“What are we going to do now that we've lost Rosen again?” Joe asked his brother as they left the arena through the front exit and began to round the building toward the parking lot.

Frank stopped for a moment and rubbed his chin. “We know Rosen's still around the circus. When Dean Turner gets back, he can get us those
passes. Maybe we can get him to write out special passes that will allow us to go everywhere in the building.”

“We can also ask the dean to get us access to Rosen's file. Let's stop by his office before we leave for lunch to find out when he'll be back.”

The three boys made a quick detour back into the building to Dean Turner's office. The dean's secretary, who was using the office next door, informed them that Turner wouldn't be back that afternoon—he was running late and he had to meet another donor out of the office later that afternoon.

“Rats,” Frank said as they headed down the hall toward the exit. “Where does that leave us?” he asked.

“Hungry, for one,” Chet said, holding his stomach. “The pangs—they're too much,” he added dramatically, bending over.

“What's that?” Joe asked his friend. “Rehearsal for when you play the tragic clown?”

“Give me a break!” Chet cried, heading off down the hall. “Detecting is hungry work. You said so yourself before we ran off chasing Ralph Rosen.”

Joe shrugged, looked at Frank, and followed Chet out the door. “He's right, you know. Even detectives have to eat.”

Frank stopped for a moment and tried to think of a way through the dead end they were in.
Turner was out, Bo Costello wouldn't help, Georgianne Unger . . .

“Hey,” he called out to Joe and Chet. “You guys, hold it.”

Joe turned around. “What's up?” he asked.

Frank jogged up to where Joe was standing. “We haven't questioned Georgianne Unger yet. After all, she's a prime suspect. Maybe she's the one helping Rosen out.”

Frank watched his brother think for a moment, then shake his head slowly. “No good. She's not going to give anything away if she's involved in the sabotage.”

“I guess you're right,” Frank admitted. “We'll just have to get those passes from Dean Turner and do some more searching. It kills me to waste so much time, though.”

“Come on,” Joe urged. “We'll grab a bite and have another look at the message. Maybe we can make some headway there.”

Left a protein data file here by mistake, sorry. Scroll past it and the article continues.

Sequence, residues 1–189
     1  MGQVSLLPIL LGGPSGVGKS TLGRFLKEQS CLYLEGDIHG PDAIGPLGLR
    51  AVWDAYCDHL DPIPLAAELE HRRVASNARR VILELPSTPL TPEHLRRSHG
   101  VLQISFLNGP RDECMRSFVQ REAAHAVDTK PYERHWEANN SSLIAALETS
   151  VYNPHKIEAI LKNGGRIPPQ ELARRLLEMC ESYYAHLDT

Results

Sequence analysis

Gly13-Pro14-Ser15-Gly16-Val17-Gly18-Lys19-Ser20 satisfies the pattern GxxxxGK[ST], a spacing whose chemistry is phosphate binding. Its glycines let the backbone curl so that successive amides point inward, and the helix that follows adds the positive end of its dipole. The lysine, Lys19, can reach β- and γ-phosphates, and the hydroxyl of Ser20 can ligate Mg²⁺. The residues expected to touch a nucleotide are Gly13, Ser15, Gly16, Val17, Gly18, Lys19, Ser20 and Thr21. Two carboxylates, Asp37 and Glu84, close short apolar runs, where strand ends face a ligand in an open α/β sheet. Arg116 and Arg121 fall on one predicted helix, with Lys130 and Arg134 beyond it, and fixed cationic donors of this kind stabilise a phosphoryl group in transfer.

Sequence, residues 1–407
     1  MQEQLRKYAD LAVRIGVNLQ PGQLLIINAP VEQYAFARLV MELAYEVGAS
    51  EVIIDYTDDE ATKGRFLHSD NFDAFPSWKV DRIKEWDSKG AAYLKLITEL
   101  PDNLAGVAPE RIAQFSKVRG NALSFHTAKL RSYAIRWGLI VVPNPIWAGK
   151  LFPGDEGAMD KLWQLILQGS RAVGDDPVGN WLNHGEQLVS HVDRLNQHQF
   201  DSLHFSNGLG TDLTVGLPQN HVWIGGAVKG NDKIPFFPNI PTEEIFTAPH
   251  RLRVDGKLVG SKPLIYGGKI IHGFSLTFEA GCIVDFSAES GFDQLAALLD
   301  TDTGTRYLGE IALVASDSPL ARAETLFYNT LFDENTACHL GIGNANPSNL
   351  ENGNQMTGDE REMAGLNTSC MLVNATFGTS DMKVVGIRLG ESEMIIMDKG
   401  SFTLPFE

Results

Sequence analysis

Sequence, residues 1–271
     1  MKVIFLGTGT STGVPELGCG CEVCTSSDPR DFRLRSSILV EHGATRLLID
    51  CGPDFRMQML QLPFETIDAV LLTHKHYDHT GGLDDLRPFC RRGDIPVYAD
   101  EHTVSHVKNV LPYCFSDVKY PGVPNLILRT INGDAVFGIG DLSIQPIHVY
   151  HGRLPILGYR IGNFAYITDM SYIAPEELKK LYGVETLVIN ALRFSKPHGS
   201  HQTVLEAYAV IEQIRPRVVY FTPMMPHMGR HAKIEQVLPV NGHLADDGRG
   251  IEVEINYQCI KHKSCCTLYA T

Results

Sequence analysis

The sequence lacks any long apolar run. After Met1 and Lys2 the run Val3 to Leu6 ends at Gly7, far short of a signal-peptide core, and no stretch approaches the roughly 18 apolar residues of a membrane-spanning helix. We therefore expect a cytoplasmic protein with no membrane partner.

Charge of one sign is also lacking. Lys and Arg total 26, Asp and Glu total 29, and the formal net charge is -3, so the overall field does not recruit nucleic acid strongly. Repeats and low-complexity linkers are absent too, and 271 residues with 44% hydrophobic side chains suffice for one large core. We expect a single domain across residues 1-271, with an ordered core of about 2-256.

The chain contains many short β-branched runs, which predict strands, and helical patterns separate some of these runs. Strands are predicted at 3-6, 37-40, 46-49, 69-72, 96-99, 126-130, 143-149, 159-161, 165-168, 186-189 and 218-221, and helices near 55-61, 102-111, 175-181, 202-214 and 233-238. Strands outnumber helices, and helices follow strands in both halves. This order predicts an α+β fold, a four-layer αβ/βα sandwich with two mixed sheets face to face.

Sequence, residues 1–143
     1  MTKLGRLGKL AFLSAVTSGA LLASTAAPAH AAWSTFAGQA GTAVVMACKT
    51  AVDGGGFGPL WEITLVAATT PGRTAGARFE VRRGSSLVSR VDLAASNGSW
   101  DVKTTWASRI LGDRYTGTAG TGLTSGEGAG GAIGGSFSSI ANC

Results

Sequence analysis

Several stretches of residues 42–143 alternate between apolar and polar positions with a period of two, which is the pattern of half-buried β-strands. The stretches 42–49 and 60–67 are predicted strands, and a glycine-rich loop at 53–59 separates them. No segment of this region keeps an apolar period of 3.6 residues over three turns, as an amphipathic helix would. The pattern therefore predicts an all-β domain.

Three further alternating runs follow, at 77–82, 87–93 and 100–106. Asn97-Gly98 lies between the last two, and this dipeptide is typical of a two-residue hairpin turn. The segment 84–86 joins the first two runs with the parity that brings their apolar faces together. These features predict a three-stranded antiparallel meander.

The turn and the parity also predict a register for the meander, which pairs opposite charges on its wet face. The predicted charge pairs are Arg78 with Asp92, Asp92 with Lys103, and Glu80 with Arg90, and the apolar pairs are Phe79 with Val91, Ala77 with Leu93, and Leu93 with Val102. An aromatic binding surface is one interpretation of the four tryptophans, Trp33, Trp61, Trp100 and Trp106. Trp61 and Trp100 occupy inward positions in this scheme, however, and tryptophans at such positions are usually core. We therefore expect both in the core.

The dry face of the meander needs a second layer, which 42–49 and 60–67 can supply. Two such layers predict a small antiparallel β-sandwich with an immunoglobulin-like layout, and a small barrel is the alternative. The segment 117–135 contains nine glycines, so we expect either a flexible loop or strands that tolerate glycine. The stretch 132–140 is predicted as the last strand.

Frank gave in and followed Joe. In a few minutes, they were all back in the van on their way to the burger place in downtown Bayport. After downing two burgers apiece and some extra-large fries, Frank and Joe dropped Chet off at home. His classes were done for the day, and he was going back to Circus U. that night for the performance of the Montero Brothers Circus.

“You guys are going to come tonight, aren't you?”
Chet asked as he hopped out of the van. “It should be a fantastic show.”

Frank nodded. “It'll be a good chance to see Turner and do some more investigating,” he said.

“I'm glad I didn't go for the foot-high burger at lunch,” Chet said with a grin. “Now I'll have more room for some great circus food tonight. Peanuts, popcorn, cotton candy, franks, sodas . . .”

“Uh, we'll pick you up in two hours,” Joe interrupted, rolling his eyes.

“Great,” Chet said. “That gives me time to practice what I learned today.”

“You're not going to the performance in clown makeup, are you?” Joe asked. “You wouldn't embarrass us like, that, would you?”

Chet let out a huge laugh. “Just you wait and see,” he said, racing up the sidewalk to his front door.

Frank was quiet as he drove the rest of the way home. By the time he parked the van in the driveway, Joe had rattled off all the facts of the case, but Frank had hardly paid attention. He kept thinking that there was something he should be remembering about what he had seen—a connection he should be making.

“Oh, well,” he said absently, unlocking the front door. “I guess it will come to me.”

“What will?” Joe wanted to know. He looked
at his brother. “Have you been listening to a word I've been saying the whole way home?”

“Not really,” Frank admitted as they headed upstairs. “I think I'll lie down for a while before we have to pick up Chet.”

“Me, too,” Joe said, opening the door to his room.

From the hall, Frank heard his brother let out a loud yell.

“What is it?” Frank cried, rushing to the door of Joe's room.

Inside, he saw what had made Joe yell. The room was a shambles. Papers were strewn all over. The window was broken and glass was everywhere.

Then Frank looked down and gasped. His brother lay facedown on the floor in the middle of the room. A masked man in a black, hooded jumpsuit held Joe's arms behind his back. The man had Ralph Rosen's gem-studded juggler's ball in his hand and was about to knock Joe out cold with it!